You have to bear in mind that significant portions of my life have been characterised by some essentially incompatible habits.
From the mid 1970s to the mid 1980s I was a student and then a working actor, mostly in theatre-in-education, moving from shared house to shared house and often from town to town.
I also collected (hoarded is such a harsh term) old and new Rolling Stone magazines. These were duly lugged in milk crates from abode to abode and, I should add, read and re-read with delight.
This is hard to sustain after ten years or so and I duly sold a lot off. The 90s were more settled so I built up a new collection of RS as well as Q and Mojo, plus some key issues of Creem, NME, Crawdaddy, The Face, even a Juice or two. Eventually these also became too cumbersome and too room-consuming, and were shown the door.
Yes, of course I miss those publications, or rather the articles by people like Greil Marcus, Cameron Crowe, Mat Snow, Lenny Kaye, Anthony DeCurtis, David Dalton, Barney Hoskyns, Phil Sutcliffe, Ben Edmonds, Ben Fong-Torres, Tom Hibbert, Dave Marsh, Nick Tosches, Jaan Ulheszki, Johnny Black, Andy Gill – I’ve hardly scratched the surface. All seemingly lost to me.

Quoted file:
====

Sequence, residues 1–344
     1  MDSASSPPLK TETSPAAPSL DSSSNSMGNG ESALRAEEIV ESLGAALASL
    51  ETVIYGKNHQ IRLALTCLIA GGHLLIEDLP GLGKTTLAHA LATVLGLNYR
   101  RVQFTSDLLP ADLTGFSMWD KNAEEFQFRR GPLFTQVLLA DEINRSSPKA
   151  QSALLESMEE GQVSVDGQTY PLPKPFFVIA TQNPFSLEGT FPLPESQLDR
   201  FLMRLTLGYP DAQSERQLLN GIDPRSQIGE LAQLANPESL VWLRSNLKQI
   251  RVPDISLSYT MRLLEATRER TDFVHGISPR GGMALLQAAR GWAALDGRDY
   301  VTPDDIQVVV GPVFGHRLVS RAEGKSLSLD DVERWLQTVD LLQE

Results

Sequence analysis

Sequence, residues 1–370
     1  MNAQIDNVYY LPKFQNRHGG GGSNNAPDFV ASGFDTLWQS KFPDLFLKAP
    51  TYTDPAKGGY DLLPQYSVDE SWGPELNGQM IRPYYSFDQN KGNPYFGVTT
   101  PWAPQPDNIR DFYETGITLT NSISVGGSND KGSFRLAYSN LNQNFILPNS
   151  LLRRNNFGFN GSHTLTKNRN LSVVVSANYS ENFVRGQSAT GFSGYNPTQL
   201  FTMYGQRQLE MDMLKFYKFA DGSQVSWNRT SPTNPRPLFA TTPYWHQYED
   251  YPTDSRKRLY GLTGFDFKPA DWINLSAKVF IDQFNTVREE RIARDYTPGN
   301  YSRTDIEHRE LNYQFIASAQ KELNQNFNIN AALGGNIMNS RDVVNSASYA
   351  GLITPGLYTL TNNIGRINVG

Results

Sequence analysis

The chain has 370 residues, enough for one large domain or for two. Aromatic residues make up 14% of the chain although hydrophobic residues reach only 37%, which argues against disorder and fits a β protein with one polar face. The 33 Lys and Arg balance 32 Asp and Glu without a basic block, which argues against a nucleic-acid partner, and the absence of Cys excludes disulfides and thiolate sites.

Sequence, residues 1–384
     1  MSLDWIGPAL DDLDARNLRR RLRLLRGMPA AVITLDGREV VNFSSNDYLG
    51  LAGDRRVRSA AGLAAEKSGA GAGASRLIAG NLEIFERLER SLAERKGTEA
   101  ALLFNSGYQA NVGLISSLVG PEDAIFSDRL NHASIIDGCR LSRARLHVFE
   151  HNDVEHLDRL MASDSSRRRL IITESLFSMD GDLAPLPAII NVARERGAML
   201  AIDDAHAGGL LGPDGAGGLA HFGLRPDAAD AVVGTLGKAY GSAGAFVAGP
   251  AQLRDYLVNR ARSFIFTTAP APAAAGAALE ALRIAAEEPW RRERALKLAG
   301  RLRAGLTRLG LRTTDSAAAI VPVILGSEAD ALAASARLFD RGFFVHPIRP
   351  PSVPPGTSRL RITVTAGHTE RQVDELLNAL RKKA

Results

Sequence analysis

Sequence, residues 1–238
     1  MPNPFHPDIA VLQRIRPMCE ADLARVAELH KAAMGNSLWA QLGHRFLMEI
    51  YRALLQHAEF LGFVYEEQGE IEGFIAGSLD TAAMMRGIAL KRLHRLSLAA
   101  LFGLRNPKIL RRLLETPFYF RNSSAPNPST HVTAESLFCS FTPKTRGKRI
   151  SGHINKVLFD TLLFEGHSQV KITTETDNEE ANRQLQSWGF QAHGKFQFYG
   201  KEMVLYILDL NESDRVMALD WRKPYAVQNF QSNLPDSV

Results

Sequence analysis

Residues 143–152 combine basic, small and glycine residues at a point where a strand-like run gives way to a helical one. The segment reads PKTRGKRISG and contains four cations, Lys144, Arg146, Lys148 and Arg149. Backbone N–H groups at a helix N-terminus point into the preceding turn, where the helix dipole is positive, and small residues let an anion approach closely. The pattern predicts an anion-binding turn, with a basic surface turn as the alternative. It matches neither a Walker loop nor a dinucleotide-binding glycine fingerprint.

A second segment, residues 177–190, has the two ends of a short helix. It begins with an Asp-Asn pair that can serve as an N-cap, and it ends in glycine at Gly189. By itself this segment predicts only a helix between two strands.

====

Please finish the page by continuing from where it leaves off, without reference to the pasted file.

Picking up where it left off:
But now I have Rock’s Backpages.
It’s not complicated – an online archive of “reviews, interviews and features on artists from Aaliyah to ZZ Top, by the best writers and from the most influential magazines”. They’re not kidding. I found articles by Anthony O’Grady from RAM in 1975! And they’re constantly adding to the library.
Sure, it costs to subscribe. US$50 for a year. Compare that to a subscription to a single good quality music mag. Or worse, buying single issues at the local newsagents.
All the writers and mags I’ve mentioned are available. And more. Many, many, many more.
Articles are indexed by artist, by writer, by theme, by media outlet, by popularity. There are even audio interviews in mp3.
Rock’s Backpages is truly rock and roll heaven.